December 12, 2009

Microsoft To Purchase Health Care Software Specialist Sentillion

Software maker Microsoft has recently been moving cautiously in an attempt to expand its software in to health-care industry, on Thursday announced that it has reached an agreement to acquire “Sentillion Inc.,” a privately held developer of software tools for the healthcare industry.

Perhaps most publicly with its HealthVault services aimed at hospitals, which empowers users to share and control access to their own medical records, healthcare organizations, and researchers, will evolve with products from Sentillion starting in 2010, the Redmond company announced.

Financial terms of the acquisition were not disclosed; But essentially, the software giant plans to leverage Sentillion's products with the Amalga UIS, in order to streamline access to multiple IT applications, as well as sources of patient data.

“Microsoft and Sentillion share a common vision of a connected health system in which the free and rapid flow of information, combined with streamlined access to a hospital's myriad healthcare applications, empowers doctors and nurses to perform their roles with greater insight, speed and effectiveness,” explained Peter Neupert, corporate vice president, Microsoft Health Solutions Group. “As a result, our products and strategies are a natural fit. Joining efforts with Sentillion will allow us to amplify and accelerate the impact we can make in health IT and health globally.”

The two companies are anticipating to finalize the deal in early 2010, and said that Sentillion would continue to provide existing customers with support, as well as sell new products, all from its current corporate headquarters in Andover.

Sentillion's products include Vergence, a clinical workstation platform that streamlines caregivers' access to applications and patient data, and Tap & Go and Tap2, which offers instant access to clinical applications with the “tap of a passive proximity badge,” and proVision automatic provisioning system, according to the company's Website.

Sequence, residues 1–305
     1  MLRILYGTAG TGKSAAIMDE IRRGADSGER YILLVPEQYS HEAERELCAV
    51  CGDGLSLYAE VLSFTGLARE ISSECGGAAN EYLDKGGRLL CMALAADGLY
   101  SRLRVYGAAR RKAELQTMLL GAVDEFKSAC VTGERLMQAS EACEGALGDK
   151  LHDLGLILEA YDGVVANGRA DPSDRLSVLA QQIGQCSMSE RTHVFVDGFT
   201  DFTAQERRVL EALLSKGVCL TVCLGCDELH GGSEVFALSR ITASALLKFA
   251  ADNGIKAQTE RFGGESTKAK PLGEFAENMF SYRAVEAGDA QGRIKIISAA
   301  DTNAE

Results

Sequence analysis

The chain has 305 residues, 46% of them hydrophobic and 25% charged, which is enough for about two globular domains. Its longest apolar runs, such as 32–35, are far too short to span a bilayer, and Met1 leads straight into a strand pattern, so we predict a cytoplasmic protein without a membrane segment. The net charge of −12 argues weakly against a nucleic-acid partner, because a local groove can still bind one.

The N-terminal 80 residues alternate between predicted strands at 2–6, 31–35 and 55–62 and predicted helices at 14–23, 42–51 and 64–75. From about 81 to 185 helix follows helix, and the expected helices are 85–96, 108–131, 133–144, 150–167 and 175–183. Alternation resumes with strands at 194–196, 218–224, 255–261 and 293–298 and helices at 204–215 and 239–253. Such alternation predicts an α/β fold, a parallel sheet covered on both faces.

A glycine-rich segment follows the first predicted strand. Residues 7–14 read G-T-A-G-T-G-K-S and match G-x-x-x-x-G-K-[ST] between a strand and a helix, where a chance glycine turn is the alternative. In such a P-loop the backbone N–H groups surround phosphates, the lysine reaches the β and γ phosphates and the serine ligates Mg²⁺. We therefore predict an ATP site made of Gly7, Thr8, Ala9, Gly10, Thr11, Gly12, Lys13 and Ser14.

Microsoft officials said the acquisition will strengthen the company's presence in the growing market for healthcare IT systems.

Microsoft said it intends to unite Sentillion's context and single sign-on technologies into its Amalga UIS real-time data integration solution. The objective is to give physicians real-time access to patient information and other key, clinical data.

“With its commitment to enhancing health and the global resources it brings to bear, Microsoft is the perfect partner to expand our efforts worldwide,” said Sentillion CEO Robert Seliger, in a statement.

Sentillion's application is designed to streamline information stored in a variety of copyrighted systems, including legacy applications, Windows systems, Unix-based servers, and even Web-based data sources.

The digitization of healthcare records and information is fast becoming a hot-button issue in both technological and political circles, since easy accessibility of medical information presents abundant opportunities of privacy abuses, misuse, and fraud. On the other hand, being able to access appropriate medical information quickly can literally be the difference between life and death in some cases, and many prevent common medical errors.

Microsoft's commitment is that clinicians will be able to benefit from a boost in speed as well as increased insight in relation to patient data. Sentillion already caters to more than 1,000 hospitals in its customer base, where Microsoft's relatively new Amalga system is running at a little over 100 hospitals.

Sentillion's customers include University of Pennsylvania Health System, the U.S. Department of Veteran's Affairs, Kettering Health Network, and Texas Children's Hospital. Sentillion will continue to offer its products and operate out of its Massachusetts location, while Microsoft will work on combining the companies' technologies.

Link: Original Article

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